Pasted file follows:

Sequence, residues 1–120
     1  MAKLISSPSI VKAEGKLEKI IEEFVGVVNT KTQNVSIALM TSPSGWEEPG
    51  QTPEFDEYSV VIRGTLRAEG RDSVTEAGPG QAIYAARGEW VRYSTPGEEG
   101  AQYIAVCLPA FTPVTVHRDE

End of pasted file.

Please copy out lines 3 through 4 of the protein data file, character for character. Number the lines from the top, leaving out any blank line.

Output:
    51  QTPEFDEYSV VIRGTLRAEG RDSVTEAGPG QAIYAARGEW VRYSTPGEEG
   101  AQYIAVCLPA FTPVTVHRDE